Clare Nullis, for the World Meteorological Organization (WMO), informed that Jean Bienvenu Dinga of the Congo Hydrological Service said this was the most exceptional event since the catastrophic floods in 1961, when there had been a measured discharge of 80,000 cubic meters per second. On 9 January 2024, the discharge had reached 75,000 cubic meters per second. The Congo was trying to improve their early warning system, which was one of the priorities of the WMO’s new Secretary-General, concluded Ms. Nullis. 


Tarik Jašarević, for the World Health Organization (WHO), informed that the 154th meeting of the Executive Board of the WHO would be held from 22 to 27 January. He reminded that this body of 34 elected Member States implemented decisions and policies of the World Health Assembly and facilitated its work. All documents were available on the WHO website, and the proceedings would be webcast. WHO Director-General would deliver his report on the opening day at 10 am. Appointments of regional directors for Eastern Mediterranean, South-East Asia and Western Pacific would be considered by the Board on 23 January. While journalists could not enter the meeting room, they could observe the proceedings from a nearby overflow room. On 22 January at 1 pm there would be an informal briefing by the Board on the negotiation process on the future pandemic preparedness treaty.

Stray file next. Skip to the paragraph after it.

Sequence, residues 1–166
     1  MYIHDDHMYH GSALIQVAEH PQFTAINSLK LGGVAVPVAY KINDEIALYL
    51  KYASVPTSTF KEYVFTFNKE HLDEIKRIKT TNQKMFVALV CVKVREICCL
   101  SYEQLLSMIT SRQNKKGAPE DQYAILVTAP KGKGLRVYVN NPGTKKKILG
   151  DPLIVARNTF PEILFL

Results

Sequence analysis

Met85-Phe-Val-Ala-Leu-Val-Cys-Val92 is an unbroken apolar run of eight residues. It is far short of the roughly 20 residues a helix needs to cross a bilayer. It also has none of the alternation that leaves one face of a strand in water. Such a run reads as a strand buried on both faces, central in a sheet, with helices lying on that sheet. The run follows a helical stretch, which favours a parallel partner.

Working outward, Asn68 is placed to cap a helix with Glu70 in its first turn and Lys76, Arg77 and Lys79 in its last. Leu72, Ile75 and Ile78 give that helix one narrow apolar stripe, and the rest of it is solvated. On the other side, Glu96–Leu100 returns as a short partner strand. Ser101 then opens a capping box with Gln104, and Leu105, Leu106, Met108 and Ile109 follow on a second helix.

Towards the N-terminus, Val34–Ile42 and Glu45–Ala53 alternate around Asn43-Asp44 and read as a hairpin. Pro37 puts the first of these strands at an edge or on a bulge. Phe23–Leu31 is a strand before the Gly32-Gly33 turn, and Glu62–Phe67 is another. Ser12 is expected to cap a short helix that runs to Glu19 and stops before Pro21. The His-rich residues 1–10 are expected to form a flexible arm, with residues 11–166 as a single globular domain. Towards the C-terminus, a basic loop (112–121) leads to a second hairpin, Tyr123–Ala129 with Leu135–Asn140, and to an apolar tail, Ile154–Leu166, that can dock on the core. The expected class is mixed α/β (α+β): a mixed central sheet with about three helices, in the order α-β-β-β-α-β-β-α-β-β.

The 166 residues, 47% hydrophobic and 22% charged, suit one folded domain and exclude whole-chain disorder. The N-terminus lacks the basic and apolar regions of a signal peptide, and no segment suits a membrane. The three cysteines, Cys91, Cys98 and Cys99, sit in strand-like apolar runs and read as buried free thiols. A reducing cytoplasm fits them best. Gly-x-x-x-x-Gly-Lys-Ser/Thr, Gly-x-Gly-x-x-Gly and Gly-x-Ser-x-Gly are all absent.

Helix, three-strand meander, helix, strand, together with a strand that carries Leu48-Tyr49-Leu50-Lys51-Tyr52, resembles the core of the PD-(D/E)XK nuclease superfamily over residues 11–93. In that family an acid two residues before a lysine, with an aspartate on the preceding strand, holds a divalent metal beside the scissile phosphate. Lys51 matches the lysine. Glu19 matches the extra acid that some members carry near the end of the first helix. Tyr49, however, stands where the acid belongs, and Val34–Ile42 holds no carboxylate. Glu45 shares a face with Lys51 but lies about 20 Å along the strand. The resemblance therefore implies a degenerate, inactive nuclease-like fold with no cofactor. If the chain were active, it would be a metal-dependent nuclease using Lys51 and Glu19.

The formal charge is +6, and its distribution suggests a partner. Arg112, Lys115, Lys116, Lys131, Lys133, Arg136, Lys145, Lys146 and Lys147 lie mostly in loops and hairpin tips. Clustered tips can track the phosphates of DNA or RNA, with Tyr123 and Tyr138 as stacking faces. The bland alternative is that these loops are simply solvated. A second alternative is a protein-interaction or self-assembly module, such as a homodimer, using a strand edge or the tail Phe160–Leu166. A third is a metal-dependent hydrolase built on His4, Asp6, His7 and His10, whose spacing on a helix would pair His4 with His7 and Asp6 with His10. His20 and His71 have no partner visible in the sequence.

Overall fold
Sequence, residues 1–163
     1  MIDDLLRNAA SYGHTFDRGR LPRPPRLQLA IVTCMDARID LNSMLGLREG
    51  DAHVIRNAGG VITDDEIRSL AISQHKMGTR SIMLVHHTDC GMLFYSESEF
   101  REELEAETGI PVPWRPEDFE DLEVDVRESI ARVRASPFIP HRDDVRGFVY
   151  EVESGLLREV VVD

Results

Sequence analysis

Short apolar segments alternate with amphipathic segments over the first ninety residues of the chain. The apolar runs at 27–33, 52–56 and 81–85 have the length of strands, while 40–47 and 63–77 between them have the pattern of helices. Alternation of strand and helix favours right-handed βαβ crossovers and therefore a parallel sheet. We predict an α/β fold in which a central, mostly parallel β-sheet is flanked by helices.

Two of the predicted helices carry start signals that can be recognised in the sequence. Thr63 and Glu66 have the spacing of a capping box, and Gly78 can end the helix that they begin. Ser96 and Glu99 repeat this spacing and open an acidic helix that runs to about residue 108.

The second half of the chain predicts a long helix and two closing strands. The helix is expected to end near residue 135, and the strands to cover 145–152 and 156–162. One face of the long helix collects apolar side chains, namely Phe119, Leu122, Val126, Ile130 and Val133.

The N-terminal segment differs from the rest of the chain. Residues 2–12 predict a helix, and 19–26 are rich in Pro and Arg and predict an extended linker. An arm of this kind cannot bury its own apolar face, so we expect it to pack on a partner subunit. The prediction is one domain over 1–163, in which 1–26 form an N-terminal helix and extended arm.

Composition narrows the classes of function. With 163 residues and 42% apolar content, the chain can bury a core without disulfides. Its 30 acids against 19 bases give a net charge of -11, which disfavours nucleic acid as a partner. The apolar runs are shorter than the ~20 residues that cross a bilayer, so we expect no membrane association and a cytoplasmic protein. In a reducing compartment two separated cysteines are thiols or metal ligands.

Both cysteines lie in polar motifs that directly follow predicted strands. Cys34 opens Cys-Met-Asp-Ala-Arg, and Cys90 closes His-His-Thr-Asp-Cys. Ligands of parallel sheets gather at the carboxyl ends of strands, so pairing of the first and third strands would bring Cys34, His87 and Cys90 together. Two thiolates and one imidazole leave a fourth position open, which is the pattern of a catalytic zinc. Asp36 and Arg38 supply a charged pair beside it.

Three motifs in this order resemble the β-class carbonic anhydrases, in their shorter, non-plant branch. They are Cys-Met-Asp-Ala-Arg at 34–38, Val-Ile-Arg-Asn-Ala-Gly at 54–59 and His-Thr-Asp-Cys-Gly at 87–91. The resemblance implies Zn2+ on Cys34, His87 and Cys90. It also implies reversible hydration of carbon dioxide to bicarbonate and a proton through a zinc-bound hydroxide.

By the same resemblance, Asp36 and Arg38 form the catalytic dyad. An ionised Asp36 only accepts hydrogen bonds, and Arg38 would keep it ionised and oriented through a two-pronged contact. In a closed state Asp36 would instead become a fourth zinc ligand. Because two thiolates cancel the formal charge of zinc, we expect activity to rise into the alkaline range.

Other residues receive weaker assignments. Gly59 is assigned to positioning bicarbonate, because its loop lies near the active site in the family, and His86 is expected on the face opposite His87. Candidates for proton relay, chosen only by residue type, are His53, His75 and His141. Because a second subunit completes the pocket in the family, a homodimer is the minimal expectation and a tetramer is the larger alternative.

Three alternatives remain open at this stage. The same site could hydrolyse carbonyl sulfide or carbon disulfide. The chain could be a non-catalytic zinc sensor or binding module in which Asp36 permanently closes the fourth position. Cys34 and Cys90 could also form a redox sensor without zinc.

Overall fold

Alessandra Vellucci, for the United Nations Information Service, informed that the Committee on the Rights of the Child was continuing this morning its review of the report of Senegal, which would be concluded this afternoon. 

On 22 January, the Human Rights Council’s Universal Periodic Review would commence. The States to be reviewed by the UPR Working Group during this 45th session would be, in order of scheduled review: Saudi Arabia, Senegal, China, Nigeria, Mauritius, Mexico, Jordan, Malaysia, the Central African Republic, Monaco, Belize, Chad, the Congo, and Malta. 

The Conference on Disarmament would hold the first public plenary of its 2024 session on 23 January, at 10am, under the Presidency of India.